It's interesting to see that the distributions are not identical. This indicates that the fraudulent behaviours deviate from normal/legitimate behaviours. While the median/mode are close for both fraudulent and normal transactions, the fraudulent transactions have 3 modes. These transactions are also generally larger.
- The distribution has significant outliers. The distribution is very skewed; we observe extrema several standard deviations away from most reasonable measures of centrality.
- The dataset is strongly unbalanced—only 0.17% of the records are fraudulent so the signal from fraudulent transactions is effectively swamped by legitimate ones. Mitigating imbalanced data is a known challenge in solving classification problems.
There are strategies to mitigate imbalanced data like sub-sampling to prevent overfitting, and choosing an appropriate metric.
The Amount column is the only one which is not scaled which is problematic for our analysis. We need to scale this column to remove bias from the model. Instantiating an object from the StandardScaler class from Scikit-Learn's preprocessing submodule provides a way to effect this transformation across the partitioned dataset.
Sub-sampling the dataset to get a balanced dataset—i.e., one with 50% fraudulent transactions—will prevent the model from overfitting. Otherwise, the model might learn to classify all records as non-fraudulent—that is, producing a constant-valued classifier—and it would be correct over 99% of the time.
Correlation matrices are often used to identify important features in matrices representing data. In this case, we also want to distinguish features that can be used to classify fraudulent cases. The parameters V1, ..., V28 result from a Principal Component Analysis that maximizes variance in an abstract sense. We don't know how these numerical features relate to the original features nor how they relate to the remaining features that are not encoded.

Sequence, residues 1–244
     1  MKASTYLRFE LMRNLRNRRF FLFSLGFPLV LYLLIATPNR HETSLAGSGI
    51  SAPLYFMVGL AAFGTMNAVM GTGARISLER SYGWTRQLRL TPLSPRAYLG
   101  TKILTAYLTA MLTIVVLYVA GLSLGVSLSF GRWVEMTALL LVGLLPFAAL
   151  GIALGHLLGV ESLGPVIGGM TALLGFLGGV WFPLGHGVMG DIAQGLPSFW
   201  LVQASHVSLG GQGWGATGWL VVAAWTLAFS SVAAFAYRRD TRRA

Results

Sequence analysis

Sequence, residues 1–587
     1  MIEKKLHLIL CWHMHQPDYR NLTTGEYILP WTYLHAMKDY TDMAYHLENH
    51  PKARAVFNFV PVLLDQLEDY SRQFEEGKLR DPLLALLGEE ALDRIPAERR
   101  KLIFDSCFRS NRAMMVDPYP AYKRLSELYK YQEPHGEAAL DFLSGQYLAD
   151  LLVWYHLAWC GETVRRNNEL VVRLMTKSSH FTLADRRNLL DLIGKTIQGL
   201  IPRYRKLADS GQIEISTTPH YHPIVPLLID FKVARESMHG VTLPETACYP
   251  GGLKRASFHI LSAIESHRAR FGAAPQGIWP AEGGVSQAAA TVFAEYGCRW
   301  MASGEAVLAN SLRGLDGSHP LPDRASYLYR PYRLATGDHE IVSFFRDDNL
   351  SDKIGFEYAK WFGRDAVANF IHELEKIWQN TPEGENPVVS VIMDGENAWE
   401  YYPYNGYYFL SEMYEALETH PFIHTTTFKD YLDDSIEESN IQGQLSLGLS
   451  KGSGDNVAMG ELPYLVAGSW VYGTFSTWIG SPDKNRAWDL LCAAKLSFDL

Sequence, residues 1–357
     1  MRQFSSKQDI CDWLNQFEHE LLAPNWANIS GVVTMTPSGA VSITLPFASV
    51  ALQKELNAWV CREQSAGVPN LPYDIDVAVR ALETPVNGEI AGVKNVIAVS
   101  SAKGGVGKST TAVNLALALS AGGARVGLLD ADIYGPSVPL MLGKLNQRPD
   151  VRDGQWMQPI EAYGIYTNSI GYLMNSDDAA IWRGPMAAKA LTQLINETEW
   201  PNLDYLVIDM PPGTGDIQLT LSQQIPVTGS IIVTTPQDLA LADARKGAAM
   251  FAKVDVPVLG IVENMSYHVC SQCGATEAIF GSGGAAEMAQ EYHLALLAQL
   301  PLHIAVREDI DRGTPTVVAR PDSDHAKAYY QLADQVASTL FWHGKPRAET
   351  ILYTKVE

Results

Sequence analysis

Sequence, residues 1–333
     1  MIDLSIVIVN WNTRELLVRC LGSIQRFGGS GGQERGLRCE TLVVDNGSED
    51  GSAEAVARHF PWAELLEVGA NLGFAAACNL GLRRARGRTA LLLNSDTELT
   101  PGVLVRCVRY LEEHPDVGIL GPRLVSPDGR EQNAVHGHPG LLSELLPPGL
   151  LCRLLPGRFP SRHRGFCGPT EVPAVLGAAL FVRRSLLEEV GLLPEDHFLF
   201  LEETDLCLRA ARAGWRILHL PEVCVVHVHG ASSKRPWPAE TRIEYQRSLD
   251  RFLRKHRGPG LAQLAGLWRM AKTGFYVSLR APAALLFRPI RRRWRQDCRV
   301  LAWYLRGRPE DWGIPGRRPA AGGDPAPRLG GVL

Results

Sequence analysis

From this analysis, we observe that some features don't really correlate meaningfully with whether a record is fraudulent. Zero correlation indicates no correlation, +1+1 correlation indicates that the feature is totally correlated/linked to the output, and -1−1 correlation indicates strong anti-correlation. Then, for instance, given that the correlation of feature V23 to the fraud class is -0.0033−0.0033, it is not meaningfully correlated at all. Removing features like this can help the model to better discover meaningful patterns.
Classifying Fraudulent Records
We can reasonably drop all features with a correlation value below 0.10.1 (in absolute value) from the sub-sample. Once the weakly-correlated columns are dropped, we split the data into training & testing sets. Given that there are not many rows in the sub-sample, we'll use an 80%/20% ratio (as opposed to a more typical 70%/30% split when more data is available).